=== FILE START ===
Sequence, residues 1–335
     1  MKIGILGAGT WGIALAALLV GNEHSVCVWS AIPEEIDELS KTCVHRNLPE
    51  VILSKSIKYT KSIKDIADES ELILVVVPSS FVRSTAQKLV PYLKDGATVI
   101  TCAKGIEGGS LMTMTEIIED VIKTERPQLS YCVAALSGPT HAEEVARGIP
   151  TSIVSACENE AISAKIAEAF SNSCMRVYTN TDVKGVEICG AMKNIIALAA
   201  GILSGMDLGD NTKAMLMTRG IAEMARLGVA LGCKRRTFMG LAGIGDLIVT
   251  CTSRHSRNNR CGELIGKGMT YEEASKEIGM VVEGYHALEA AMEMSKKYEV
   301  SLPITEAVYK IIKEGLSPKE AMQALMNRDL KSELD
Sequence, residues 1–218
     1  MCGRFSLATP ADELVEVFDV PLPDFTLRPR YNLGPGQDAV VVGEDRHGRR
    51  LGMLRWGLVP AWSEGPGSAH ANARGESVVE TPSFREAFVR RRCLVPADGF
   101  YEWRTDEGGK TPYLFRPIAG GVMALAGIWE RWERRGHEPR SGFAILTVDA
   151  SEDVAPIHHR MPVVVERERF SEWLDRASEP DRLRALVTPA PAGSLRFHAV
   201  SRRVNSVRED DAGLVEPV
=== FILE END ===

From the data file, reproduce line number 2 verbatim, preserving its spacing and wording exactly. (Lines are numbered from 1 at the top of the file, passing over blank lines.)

     1  MKIGILGAGT WGIALAALLV GNEHSVCVWS AIPEEIDELS KTCVHRNLPE